Card companies view mass-market retail stores such as Wal-Mart, Target, Meijer and others as important outlets for attracting new collectors to the hobby. With card sales at larger retailers having increased in 2006, with some brands seeing increases of more than 100 percent over last year, card companies are hoping that means there are plenty of new hobbyists around the country.
Retail chain stores generally carry the lower-priced product offerings from each company in an effort to attract purchases from kids or parents who may not buy a lot of cards and are looking for a low-priced way to get started. So how cards are selling at retail is generally considered a good way to measure how many new customers are coming into the hobby.
“We’re pleased with all of the retail sales numbers and seeing such significant increases,” said Kerri Stockholm, senior sports marketing manager for Upper Deck. “But for us, one of the most encouraging stats was the performances of the products that contain a lot of regular cards as opposed to inserts. Those are products that tradtional collectors generally don’t purchase.”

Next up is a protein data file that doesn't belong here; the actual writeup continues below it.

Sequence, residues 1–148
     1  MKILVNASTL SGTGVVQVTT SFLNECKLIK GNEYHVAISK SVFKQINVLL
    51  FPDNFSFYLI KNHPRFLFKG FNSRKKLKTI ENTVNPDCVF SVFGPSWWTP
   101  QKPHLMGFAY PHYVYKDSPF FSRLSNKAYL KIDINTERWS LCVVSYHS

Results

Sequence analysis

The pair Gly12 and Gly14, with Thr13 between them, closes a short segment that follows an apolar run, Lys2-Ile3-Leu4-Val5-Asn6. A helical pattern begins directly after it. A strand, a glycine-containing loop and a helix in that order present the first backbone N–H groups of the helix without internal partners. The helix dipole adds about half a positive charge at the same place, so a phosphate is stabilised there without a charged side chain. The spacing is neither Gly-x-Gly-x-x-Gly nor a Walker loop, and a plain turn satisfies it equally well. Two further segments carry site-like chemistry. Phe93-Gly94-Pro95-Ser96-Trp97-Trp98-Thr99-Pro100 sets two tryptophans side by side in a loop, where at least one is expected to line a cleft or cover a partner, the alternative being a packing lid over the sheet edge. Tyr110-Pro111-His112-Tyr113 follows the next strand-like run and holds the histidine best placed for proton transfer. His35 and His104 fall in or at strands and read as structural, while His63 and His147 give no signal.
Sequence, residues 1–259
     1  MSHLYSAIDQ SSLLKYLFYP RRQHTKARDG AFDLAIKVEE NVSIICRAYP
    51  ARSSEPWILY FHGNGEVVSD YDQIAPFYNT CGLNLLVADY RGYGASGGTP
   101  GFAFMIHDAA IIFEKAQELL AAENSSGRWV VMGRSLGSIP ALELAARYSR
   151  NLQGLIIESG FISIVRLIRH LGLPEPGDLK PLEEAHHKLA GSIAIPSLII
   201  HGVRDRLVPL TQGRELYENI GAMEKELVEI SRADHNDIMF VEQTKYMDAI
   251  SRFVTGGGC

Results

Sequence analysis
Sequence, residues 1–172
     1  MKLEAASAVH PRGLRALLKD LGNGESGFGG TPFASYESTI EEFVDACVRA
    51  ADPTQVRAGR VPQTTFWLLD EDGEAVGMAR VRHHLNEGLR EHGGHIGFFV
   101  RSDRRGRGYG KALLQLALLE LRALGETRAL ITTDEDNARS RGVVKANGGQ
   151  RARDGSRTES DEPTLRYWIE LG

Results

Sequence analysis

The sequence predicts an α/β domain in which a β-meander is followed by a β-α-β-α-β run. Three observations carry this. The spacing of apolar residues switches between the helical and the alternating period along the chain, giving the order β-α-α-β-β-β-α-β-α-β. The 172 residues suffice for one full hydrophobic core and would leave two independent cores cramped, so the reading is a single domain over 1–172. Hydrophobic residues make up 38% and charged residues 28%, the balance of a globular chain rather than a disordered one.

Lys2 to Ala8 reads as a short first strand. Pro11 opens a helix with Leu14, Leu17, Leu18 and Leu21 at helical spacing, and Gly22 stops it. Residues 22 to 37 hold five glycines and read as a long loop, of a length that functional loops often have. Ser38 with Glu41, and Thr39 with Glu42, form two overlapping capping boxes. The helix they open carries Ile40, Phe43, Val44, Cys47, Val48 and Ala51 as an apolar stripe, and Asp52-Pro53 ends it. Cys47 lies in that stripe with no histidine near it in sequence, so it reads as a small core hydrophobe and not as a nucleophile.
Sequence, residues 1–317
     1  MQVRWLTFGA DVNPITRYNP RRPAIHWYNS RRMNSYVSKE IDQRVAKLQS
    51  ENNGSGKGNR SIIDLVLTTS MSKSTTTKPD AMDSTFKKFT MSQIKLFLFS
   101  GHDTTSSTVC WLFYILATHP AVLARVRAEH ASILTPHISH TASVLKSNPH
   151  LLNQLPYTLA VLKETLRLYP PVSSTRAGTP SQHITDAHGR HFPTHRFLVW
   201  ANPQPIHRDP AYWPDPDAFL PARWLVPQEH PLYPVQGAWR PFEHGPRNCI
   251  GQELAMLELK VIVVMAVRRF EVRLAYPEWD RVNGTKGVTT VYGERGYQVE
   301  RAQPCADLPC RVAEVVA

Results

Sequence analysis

Scott Silverstein, Topps president and chief operating officer, also said the company is optimistic the sales numbers mean more people are buying trading cards. “It’s too early to celebrate, but it’s still quite encouraging,” Silverstein said.
Why did sales increase in 2006? On the football side of things, virtually everyone credits the increases to the excitement over this year’s rookie class – particularly early demand for Vince Young, Reggie Bush and Matt Leinart. On the baseball side, Stockholm believes the increases are related to the coordinated marketing efforts between Upper Deck, Topps, Major League Baseball and the MLB Players Association, as well as the reduction in product offerings that helped eliminate some of the collector confusion over what products to buy.